According to electrochemical study of the X52 steel sam-ple exposed to natural seawater and seawater with 0.25, 0.5 and 0.75 ppm of biocide is possible to conclude that the turbulent flow condition can increase the CR of the steel sample immersed in seawater with different biocide concentration. At static condition, the influence of the bio-cide concentration on the corrosion steel sample is low whereas at turbulent flow conditions, the not-oxidant bio-cide has a slight protector effect on the steel corrosion. In both conditions and in the cathodic reactions, a contri-bution of a mass transfer process was found. The results obtained by the LPR, EIS and CPs have good correlation between them. The corrosion form found in the steel

sam-ple immersed in seawater and seawater with biocide was localized corrosion.

ACKNOWLEDGMENTS

The authors would like to thank the PROMEP Program (re-search project: 103.5 / 07 /2753) of the Ministry of Public education from México and the Veracruzana University for the financial support required to develop this work.

BIBLIOGRAPHY

1. D. A. Jones, Principles and Prevention of Corrosion, 2nd ed., Prentice-Hall, NJ, USA, (1996), 40-65. 2. D.G. Enos, S.R. Taylor, Corrosion 52, (1996), 831. 3. X. Sheng, Y.-P. Ting, S.O. Pehkonen, Corros. Sci. 49,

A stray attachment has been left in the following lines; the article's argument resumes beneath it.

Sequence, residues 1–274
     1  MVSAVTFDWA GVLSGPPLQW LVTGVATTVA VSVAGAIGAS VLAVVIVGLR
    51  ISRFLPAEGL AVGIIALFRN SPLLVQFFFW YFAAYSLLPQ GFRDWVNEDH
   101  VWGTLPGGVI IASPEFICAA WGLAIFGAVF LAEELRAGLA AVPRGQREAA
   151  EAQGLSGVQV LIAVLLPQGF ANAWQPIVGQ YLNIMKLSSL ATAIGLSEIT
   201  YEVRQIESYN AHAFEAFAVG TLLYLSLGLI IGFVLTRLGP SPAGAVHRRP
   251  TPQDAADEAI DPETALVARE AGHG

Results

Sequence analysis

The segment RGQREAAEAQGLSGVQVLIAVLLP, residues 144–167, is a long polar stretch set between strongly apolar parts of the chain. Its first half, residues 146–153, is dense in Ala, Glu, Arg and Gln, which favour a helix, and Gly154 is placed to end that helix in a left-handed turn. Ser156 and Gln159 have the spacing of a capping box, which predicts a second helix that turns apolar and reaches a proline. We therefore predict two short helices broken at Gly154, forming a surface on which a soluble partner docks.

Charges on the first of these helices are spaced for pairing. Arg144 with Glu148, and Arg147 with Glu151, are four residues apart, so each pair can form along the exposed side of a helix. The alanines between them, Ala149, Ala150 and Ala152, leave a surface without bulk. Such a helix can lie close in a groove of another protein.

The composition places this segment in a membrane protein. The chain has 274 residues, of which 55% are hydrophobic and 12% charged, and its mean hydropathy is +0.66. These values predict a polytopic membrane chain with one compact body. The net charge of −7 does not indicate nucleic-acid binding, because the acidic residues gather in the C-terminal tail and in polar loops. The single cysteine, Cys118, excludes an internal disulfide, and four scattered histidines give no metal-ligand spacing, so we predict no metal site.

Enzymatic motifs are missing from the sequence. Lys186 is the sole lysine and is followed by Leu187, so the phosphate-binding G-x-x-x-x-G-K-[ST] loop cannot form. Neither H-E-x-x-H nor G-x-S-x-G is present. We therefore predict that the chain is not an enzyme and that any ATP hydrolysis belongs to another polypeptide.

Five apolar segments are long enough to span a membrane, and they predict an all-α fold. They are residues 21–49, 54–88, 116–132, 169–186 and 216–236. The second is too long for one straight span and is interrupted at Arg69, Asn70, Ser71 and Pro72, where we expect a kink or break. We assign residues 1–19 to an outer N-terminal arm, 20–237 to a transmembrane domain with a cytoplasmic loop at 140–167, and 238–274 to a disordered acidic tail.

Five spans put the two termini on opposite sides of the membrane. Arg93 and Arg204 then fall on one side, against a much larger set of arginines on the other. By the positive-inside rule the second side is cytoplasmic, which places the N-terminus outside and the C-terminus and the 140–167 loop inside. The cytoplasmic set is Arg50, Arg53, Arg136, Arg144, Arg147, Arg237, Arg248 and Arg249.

(2007), 2159.

4. R. Javaherdashti, Anti-Corros. Methods and Mater. 46, (1999), 173.

5. B. J. Little, R. I. Ray, R. K. Pope, CORROSION/2000, paper no. 00394, NACE International, Houston, USA, 2000.

6. W. Lee, Ph.D. Thesis, Montana State University, Boz-eman, MT, USA, 1990,6–627.

Figure 9 SEM Micrographs of the morphological attack obtained by the corrosion of the X52 steel immersed in SW (a and b) and seawater with 0.5 ppm of biocide (c and d) at static (a and c) and turbulent flow (b and d) conditions.